Regarding what the film attempts to show as the express nature of Christmas: First, at least in the Grinch’s cynical estimation, Christmas is so materialistic as to be devoid of any deeper meaning. The holiday exists so that well-behaved children can anticipate the magical appearance of presents deposited there by a red-clad benefactor; while unbeknownst to them, their parents have signed over second mortgages on their homes to ensure the family can afford everything on their children’s wish lists. Admittedly, this comparison is overwrought, but it serves the purpose, and with perhaps as much vitriol as the Grinch himself might appreciate.
This sense that Christmas had become overly materialistic was not lost on Dr. Seuss. His work has been described as decrying that state of affairs. What is more, his depiction of the villainous Grinch as Santa Claus doing exactly the opposite of what is expected of Santa produces the irony that drives the story. This is especially true considering that the modern perception of Santa Claus was developed by the Coca Cola Company in 1934, by which time the author was already in his late twenties.
To be fair, Coca-Cola did not create Santa Claus; they shaped the icon into what it is today. The notion of a Christmastime personage pre-existed the company by centuries. Prior to 1934 there was Father Christmas, of English extraction, who wore a crown of holly and carried a Yule log with him; and St. Nicholas, a historical fourth-century Catholic bishop known for his generosity; and even Krampus, an fiendish imp who punished misbehaving children.
Nor, for better or for worse, was the Coca-Cola Company wholly responsible for the changing perception of Christmas. The American Society of Composers, Authors and Publishers (ASCAP) lists Santa Claus Is Coming to Town as the most popular Christmastime song since its debut in 1934. The decade of the 1940’s would witness such hits as Bing Crosby’s White Christmas in 1942, which is noted in the Guinness Book of World Records as the best-selling single in history. It is little wonder, therefore, why those songs are piped in through the speakers of so many shopping malls starting in late November of each year. Meanwhile, such films as It’s a Wonderful Life (1946), Remember the Night (1940), and Meet Me in St. Louis (1944), the latter featuring Judy Garland singing Have Yourself a Merry Little Christmas, all impelled the corporate redefinition of Christmas.
Naturally, the end goal of these efforts was to maximize profits. Dilution of the holiday to its basest elements makes it easy to market it to the broadest range of potential consumers. From a consumer-facing standpoint, Christmas became a secular, non-denominational, over-sentimentalized season of vague universal well-wishing exemplified by gathering together to exchange material objects. From a business-facing perspective, it boiled down further to: all are welcome, though cash is preferred.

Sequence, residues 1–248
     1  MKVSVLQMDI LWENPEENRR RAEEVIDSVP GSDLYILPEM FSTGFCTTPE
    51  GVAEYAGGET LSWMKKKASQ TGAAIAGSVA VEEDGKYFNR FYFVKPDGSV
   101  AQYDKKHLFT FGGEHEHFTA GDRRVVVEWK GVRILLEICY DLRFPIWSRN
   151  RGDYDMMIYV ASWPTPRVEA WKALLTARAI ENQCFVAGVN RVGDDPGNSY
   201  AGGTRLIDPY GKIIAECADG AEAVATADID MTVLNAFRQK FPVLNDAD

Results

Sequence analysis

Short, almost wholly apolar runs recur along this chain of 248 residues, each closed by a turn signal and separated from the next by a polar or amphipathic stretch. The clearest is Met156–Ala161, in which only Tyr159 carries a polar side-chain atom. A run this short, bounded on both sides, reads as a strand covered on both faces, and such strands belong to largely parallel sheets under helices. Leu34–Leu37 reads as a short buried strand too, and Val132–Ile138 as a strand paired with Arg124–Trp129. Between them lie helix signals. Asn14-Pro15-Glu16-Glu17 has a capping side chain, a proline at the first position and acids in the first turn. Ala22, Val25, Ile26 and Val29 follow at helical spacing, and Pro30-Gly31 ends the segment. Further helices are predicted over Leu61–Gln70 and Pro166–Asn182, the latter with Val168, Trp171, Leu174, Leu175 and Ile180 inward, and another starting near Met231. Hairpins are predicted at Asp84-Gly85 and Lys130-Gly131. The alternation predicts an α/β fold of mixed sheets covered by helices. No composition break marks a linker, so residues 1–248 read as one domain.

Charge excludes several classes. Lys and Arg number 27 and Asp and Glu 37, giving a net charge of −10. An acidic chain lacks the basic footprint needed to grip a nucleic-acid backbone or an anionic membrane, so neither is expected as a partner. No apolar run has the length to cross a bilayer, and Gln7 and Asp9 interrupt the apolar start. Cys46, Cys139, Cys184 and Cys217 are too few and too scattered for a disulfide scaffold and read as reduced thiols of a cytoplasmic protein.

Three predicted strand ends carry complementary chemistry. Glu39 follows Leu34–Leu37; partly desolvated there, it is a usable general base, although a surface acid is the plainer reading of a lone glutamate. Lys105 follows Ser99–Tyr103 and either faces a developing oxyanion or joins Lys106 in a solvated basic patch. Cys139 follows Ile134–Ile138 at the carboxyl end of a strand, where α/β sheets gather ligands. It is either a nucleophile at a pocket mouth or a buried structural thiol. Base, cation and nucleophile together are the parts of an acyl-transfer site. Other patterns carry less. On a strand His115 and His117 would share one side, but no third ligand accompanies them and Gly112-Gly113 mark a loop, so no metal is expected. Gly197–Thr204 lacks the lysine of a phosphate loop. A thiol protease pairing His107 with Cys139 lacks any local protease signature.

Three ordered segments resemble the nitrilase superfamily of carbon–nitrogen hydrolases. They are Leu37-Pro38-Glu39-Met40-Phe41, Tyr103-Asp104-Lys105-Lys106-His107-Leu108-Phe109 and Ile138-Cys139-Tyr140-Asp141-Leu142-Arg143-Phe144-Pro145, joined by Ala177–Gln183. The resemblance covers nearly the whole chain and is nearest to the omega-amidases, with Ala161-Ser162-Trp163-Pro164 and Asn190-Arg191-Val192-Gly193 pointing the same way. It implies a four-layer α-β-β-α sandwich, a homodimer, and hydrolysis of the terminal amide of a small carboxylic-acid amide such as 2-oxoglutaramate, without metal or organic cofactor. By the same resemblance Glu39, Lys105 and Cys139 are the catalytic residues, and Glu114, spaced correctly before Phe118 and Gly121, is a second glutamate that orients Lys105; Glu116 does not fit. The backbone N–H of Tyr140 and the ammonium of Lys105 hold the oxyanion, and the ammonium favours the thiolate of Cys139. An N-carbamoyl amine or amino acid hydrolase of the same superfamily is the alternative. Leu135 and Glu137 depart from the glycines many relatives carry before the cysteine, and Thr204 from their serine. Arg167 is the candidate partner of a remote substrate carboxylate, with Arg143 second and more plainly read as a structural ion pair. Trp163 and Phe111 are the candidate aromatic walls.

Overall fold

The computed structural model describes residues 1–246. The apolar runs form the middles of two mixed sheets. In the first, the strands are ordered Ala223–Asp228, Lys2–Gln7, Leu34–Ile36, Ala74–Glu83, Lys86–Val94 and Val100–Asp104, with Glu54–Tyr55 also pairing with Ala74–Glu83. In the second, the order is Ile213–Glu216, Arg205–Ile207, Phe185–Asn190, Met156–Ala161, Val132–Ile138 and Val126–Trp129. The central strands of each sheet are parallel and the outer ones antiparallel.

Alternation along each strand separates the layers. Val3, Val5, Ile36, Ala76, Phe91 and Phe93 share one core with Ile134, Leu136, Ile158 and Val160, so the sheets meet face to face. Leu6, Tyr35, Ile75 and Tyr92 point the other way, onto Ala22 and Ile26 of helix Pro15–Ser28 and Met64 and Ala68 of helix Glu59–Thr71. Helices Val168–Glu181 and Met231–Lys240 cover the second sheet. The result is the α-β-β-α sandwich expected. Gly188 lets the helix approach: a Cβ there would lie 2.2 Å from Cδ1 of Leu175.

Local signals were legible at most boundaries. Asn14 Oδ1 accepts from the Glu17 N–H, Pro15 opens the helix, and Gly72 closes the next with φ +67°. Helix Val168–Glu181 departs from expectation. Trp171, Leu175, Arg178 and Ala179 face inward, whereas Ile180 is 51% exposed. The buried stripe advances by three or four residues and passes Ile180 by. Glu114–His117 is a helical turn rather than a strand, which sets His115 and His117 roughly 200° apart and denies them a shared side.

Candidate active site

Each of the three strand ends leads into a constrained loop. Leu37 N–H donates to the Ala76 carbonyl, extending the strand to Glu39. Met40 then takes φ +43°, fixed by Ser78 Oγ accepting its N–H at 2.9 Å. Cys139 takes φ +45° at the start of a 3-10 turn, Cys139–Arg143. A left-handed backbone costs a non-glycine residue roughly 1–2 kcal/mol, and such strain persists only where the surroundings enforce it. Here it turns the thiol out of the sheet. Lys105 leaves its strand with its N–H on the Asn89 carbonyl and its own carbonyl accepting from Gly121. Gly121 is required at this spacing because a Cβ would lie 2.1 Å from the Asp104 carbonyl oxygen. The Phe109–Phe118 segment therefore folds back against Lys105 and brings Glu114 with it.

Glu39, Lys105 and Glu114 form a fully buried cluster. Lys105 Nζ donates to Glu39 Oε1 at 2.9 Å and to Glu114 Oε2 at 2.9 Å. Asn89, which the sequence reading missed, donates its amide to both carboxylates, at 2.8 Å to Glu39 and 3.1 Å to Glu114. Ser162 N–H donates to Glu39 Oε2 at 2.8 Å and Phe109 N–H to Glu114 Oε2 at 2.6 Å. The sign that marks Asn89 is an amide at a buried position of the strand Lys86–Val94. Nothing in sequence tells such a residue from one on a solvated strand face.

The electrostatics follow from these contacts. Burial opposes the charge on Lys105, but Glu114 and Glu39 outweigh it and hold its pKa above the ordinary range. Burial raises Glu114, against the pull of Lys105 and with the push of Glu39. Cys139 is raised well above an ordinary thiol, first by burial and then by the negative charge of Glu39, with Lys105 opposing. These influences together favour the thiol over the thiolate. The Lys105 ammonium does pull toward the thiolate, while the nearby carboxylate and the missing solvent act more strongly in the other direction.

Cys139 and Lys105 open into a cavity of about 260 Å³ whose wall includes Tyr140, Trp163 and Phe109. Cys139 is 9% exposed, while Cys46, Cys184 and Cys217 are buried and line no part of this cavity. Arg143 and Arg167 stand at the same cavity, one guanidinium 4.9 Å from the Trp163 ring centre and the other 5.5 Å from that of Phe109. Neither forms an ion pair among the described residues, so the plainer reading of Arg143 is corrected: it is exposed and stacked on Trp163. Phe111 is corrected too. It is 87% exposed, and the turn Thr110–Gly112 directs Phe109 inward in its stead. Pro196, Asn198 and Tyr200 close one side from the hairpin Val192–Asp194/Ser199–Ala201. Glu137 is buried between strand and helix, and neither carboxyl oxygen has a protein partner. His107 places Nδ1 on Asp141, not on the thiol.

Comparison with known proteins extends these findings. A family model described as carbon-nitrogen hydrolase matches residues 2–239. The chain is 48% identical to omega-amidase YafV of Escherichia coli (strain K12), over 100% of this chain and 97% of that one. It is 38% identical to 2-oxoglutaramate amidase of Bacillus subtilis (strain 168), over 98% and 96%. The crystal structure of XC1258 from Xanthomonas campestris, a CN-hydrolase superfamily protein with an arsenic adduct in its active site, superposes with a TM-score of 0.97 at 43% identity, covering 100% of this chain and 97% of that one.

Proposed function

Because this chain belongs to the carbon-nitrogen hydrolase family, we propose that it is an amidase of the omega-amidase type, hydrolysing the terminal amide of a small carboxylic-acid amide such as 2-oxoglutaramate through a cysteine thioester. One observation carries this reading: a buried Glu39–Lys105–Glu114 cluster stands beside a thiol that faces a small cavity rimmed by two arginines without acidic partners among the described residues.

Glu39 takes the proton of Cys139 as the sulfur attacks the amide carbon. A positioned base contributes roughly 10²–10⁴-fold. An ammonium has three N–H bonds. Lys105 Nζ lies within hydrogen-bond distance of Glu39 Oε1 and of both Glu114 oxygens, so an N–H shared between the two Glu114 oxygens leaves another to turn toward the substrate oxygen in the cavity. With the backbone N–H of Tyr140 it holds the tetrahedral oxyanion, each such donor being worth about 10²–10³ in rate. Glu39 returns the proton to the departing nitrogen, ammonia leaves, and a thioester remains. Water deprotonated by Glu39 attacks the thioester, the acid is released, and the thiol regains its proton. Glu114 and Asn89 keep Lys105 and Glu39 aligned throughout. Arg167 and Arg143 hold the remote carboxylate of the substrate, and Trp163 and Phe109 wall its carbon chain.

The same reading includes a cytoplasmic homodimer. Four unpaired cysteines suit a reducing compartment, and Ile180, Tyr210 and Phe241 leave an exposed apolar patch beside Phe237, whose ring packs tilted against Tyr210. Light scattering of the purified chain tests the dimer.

By the time Coca-Cola had published their version of Santa Claus, Dr. Seuss was twenty-seven years old. He was not reared with modern audiences’ understanding of Santa as the sleigh-driving gift-bringer holding an ice-cold Coke. The subtext of Christmas-themed music and film in Dr. Seuss’s ensuing years would not have been lost on him either, given his background in advertising and his work as a political cartoonist. When How the Grinch Stole Christmas! was penned in 1957, it was a reaction to the commercialization of Christmas. This kept with the counterculture image he cultivated, thinking himself to be “subversive as hell.”
Second, Whoville Christmas is understood to be a happy event. This is apparent by how much the killjoy Grinch dislikes it, but also by how the Whos celebrate the holiday: with singing, family gatherings, feasting, gifts, and so on.
Third, and related, Whoville Christmas is not about the aforementioned holiday activities; rather, the activities point to the deeper meaning of Christmas. As much is apparent from how the Whos are unaffected by the theft of their Christmas paraphernalia. What the Whos really think Christmas means is encapsulated in the lyrics to their song near the end of the film:
Christmas day is in our grasp
So long as we have hands to clasp
Christmas day will always be
Just so long as we have we
Thus, for Whoville, Christmas evokes sentiments of charity and community. Absent is the sugar-coated sentimentality shot through holiday-themed Hollywood productions the 1940’s. Gone too is the sense that children should be showered with presents if they comport themselves adequately. The ideas Whoville Christmas promotes, while admirable to an extent, still fall short of the mark when it comes to what Christmas actually is.